Friday, October 10, 2008

Linkbait scraping shows new revelations


I've learned to love linkbait scraping - which shows new revelations of hows and whys:

My studies have recently turned to linkbait - as a subject, not as a method.

I've learned to use a sequence of Adobe Acrobat Pro, NoteTab, and OpenOffice as my training regimen.

Adobe's Pro version allows you to scrape a page (or several, with their links) and then save to HTML.

NoteTab then will take that file and strip off all the HTML and save the URL's.

Open Office then allows you to format that page back into usable format, with headers and bullets and so on - making it easy to find stuff as a reference.

What this sequence does is to give you the URL in plain text - so you can see what people are actually linking to. And all the affiliate links show up.

What I learned from Jack Humphrey

Essentially, you can take Jack at his word. He applies what he says.

However, this is both good and bad.

True, high-quality linkbait is almost accidental. Low-quality linkbait is a short piece which is just a set of links to other pieces.

This I learned from Jack.

If you take apart his Blackbook using the method above, you'll find that nearly all (I haven't digested his entire magnum opus yet) the links which were a paid service were affliate links. Jack gets paid if you click there. And 3/4's of his links to linkbait were just linkbait themselves - and led right to Jack's blog. But all you got were other links to linkbait articles. Low quality.

But that's how Jack says to do it in his Blackbook.

So I went back to Google to find real articles on linkbait.

If you take Matt Cutt's explanation of quality linkbait:
So, what are the links that will stand the test of time? Those links are typically given voluntarily. It is an editorial link by someone, and it’s someone that’s informed. They are not misinformed, they are not tricked; there is no bait and switch involved. It’s because somebody thinks that something is so cool, so useful, or so helpful that they want to make little sign posts so that other people on the web can find that out.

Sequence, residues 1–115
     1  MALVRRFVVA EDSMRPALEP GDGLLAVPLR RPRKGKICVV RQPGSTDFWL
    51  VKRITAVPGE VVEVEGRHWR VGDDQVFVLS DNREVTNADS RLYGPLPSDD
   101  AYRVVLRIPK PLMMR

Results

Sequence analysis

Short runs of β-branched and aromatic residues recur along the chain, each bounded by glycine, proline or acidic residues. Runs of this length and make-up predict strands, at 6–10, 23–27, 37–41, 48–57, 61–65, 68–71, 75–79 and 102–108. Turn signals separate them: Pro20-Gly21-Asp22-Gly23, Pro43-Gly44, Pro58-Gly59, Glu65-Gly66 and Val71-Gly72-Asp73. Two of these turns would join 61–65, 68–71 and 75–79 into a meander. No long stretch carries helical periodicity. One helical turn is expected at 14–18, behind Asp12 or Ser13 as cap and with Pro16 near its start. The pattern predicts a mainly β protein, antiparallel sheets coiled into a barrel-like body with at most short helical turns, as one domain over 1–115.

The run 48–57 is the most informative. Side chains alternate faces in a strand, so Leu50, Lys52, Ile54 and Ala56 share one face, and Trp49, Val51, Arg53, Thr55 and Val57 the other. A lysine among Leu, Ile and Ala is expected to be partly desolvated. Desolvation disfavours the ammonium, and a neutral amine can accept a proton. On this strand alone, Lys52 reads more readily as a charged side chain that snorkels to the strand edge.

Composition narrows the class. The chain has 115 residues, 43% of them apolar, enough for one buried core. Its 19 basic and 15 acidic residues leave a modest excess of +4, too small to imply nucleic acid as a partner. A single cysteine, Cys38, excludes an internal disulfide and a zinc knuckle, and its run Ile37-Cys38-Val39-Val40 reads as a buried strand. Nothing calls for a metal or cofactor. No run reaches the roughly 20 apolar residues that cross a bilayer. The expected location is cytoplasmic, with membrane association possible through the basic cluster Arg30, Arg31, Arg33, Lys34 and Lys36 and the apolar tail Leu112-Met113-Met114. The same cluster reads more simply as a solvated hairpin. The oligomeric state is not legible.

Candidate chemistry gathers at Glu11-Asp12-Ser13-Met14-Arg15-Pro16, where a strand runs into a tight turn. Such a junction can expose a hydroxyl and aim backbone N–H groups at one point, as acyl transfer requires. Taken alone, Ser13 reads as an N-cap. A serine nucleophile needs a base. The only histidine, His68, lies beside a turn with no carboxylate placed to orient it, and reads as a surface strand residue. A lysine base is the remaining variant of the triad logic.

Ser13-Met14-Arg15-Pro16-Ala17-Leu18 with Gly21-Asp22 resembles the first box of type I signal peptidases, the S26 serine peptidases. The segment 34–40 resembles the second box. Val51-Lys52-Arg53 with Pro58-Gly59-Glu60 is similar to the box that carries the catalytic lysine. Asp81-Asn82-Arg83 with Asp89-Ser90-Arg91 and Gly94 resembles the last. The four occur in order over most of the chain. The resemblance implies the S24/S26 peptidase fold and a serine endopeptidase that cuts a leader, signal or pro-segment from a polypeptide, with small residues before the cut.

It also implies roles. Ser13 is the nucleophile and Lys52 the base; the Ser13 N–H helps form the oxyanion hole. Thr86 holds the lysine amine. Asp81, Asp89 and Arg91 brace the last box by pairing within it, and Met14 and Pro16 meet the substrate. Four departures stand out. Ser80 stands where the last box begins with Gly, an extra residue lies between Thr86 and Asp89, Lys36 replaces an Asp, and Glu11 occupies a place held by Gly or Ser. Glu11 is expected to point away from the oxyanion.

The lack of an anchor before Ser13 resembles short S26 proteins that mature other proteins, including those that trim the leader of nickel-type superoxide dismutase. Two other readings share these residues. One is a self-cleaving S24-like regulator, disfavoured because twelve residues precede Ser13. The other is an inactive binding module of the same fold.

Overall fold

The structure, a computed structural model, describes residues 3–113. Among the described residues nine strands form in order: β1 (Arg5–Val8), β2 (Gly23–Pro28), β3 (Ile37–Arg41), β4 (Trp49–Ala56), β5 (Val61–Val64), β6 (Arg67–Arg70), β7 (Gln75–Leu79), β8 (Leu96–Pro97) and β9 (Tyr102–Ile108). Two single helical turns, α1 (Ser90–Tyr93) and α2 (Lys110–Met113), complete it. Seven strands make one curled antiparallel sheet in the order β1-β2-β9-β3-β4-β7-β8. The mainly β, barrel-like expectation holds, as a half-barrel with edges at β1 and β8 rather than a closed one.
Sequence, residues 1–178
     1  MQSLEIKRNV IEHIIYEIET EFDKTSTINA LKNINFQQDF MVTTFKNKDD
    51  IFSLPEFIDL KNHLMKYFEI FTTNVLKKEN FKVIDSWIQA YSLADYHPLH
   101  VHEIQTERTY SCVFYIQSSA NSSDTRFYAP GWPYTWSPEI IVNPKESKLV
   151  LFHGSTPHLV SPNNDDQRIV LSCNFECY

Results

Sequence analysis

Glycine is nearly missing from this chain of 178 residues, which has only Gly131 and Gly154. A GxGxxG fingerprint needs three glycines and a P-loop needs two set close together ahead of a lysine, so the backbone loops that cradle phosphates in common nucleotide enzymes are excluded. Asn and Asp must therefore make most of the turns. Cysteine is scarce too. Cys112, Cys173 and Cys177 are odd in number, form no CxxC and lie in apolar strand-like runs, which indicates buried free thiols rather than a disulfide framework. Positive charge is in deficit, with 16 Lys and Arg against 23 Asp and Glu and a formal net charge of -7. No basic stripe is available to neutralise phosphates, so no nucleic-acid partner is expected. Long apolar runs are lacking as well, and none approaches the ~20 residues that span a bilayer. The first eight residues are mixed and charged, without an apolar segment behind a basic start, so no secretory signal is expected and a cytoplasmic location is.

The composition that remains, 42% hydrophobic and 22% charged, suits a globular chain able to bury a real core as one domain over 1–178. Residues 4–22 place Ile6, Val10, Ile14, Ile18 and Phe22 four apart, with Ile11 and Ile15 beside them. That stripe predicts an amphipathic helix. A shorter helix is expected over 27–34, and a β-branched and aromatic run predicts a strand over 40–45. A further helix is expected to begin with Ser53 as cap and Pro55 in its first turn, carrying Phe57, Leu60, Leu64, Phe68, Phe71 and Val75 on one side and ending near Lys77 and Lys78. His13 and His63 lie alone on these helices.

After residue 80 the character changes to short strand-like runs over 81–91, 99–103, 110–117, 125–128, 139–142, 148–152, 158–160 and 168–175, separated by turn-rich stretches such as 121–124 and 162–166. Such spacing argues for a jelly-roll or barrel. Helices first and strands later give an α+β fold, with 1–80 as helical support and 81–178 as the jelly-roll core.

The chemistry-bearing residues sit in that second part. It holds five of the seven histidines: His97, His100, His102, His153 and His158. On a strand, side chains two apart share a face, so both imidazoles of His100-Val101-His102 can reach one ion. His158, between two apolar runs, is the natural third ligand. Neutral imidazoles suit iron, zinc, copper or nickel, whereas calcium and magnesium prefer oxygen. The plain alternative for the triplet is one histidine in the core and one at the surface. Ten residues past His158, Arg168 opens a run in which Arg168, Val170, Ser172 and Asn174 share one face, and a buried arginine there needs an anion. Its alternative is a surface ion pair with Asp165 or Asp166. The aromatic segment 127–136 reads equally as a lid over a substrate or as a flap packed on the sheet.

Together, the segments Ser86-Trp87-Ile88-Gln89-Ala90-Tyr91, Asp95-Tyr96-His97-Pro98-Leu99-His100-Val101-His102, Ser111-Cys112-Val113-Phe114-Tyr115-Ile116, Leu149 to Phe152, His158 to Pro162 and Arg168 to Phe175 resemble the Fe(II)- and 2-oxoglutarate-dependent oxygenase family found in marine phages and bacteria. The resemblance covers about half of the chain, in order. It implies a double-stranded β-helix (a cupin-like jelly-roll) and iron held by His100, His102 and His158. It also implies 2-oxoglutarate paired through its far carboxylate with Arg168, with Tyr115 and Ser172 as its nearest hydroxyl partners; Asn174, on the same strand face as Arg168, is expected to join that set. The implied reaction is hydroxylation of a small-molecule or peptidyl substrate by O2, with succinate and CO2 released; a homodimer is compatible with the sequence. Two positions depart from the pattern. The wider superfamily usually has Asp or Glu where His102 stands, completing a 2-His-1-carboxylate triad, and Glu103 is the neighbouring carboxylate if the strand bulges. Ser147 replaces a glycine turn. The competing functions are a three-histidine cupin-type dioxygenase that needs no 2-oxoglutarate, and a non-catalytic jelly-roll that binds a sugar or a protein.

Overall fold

Now, there is also the notion of link bait or things that are just cool; maybe not helpful, but really interesting. And those can stand the test of time as well. Those links are links generated because of the sheer quality of your business or the value add proposition that you have that’s unique about your business. Those are the things that no one else can get, because no one else has them or offers the exact same thing that your business offers. (Stone Temple Consulting)

That is why Matt Cutt's own article (which has been taken down, for some reason) on Linkbait has been referred to by Jack and so many other people. True linkbait (and so I suppose I have to go to Wayback to find it...)

And what I object to Jack's methods overall. They are simply self-serving marketing.

Jack does a lot of good work. And giving away the Blackbook is quite something. However, when you analyze Jack by Jack's own work - you see exactly what he's doing. Bringing the most possible traffic to his own site - so it can be converted into cash flow. Pure capitalism.

Effectiveness is the measure of Truth.

So say the ancient Polynesians.

Is Jack right to do what he does? He certainly is effective in what he does - he gets a lot of traffic to his subscription site. Is it of real value? If you follow what Jack says, you will get a lot of traffic to your site.

Is traffic the end product of SEO? According to some.

What is marketing?
  • Marketing is the action of creating an area where you can offer your product for exchange.

  • The highest value product commands the greatest exchange.

  • Value is determined by how it improves the life of the people who use it.

  • Great value creates word of mouth and evangelism.

Jack has his evangelists. For me the jury is still out. (And you can see why I haven't linked to Jack or his Blackbook here...)

Summary: His blackbook is linkbait.

(photo credit - SEORefugee.com)
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